Part of being a kid and growing up is to tease your friends and being teased by them. Your friends know your secrets, they know your mistakes, and they like to razz you about them. However, friends also know not to push the teasing so far that it hurts you or causes you real distress; and that’s the difference between getting teased by your friends and getting picked on by a bully.
Who is a bully?
Bullies find a person’s weakness and will take every chance to exploit it. They will bring it to the attention of others and humiliate that person. Some bullies can guise themselves as a “friend” and make you do things you don’t want to do, or things you are uncomfortable with; calling you uncool if you don’t, or threatening not to be your friend if you don’t do what they tell you to do.
Or even worse, some bullies are physical and will trip, push or fight others for a laugh or to prove their “dominance.” Unfortunately, bullies are a part of school and life, and short of locking our kids away from society, we can’t fully bully-proof our kids. However, we can give them powerful weapons—confidence, compassion, and integrity.
Despite the old saying, words can hurt, and if a child is continually being called a freak, fat, ugly, stupid, etc. they may begin to believe it.
But as parents, we can instill confidence in our children, praising them for all the good things about themselves, taking interest and supporting their hobbies, and always accepting them for who they are and who they want to be.
Instilling confidence in your kids to rise above a bully.
Let your children know that everyone is interesting in their own way. Our differences are something to be celebrated, not ashamed of. A deep-seated feeling of self-confidence can act as a suit of armor against the critical words of others. This confidence will help give your children the strength to stand up for themselves.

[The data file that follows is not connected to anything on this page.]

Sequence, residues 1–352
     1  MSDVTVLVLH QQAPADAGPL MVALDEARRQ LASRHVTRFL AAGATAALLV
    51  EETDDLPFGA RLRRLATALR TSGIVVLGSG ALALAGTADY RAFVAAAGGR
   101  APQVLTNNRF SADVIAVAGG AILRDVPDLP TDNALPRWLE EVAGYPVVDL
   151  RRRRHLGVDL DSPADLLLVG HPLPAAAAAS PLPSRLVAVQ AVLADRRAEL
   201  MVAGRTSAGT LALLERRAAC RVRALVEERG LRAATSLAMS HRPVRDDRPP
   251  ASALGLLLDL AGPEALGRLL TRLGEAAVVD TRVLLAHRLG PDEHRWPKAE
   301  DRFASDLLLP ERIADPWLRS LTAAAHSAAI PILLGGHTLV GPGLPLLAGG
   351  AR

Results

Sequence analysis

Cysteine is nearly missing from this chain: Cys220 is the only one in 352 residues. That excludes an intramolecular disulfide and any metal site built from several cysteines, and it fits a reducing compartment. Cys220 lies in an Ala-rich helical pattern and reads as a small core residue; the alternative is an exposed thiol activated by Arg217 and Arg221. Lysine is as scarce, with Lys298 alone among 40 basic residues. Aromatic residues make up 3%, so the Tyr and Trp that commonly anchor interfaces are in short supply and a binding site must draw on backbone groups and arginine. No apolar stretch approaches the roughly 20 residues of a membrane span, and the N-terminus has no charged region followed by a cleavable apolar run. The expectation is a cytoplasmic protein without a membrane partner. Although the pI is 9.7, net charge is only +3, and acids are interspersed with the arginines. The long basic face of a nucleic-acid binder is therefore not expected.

Compassion and integrity go hand in hand, and should be taught to every child anyway. This is especially true when dealing with a bully situation. Bullies are often unhappy or hurting from something in their own lives. Something is bothering them that they cannot control, so they lash out at others. This doesn’t give them free reign to be jerks, but it can shed some perspective into who they are. Before stooping to a bully’s level, have your child try to get to know more about the bully. Maybe the bully just needs a friend.
You want your child to be strong, yet compassionate, and confident in their voice. Make sure you talk to your children about the importance of being able to stick up for themselves, and their willingness to stick up for others who may not have the strength to do so themselves.
When confidence isn’t enough.
Sometimes a bully is just too relentless, or things begin to escalate. This is when it is time for you, a teacher, or the school to intervene. Before bullying even happens, you should work to build an open and honest line of communication with your children. Once the lines are open, your child will be able to feel safe in coming to you with their problems. Especially when dealing with a bully problem, you should never brush your child off, or discredit their feelings. It is in these moments that your child needs your support and understanding.
First, try to get all of the information: who said what, what was your child’s reaction, were other people around, how did they react. Then try to talk your child through a better way to handle or difuse the situation. Remind your child of their strengths and the importance of confidence. And if all else fails, tell your child to report it to a teacher, councelor or principal, and act yourself if it isn’t addressed.
Get in touch if you’d like some help learning the most effective ways to help your child avoid bullying.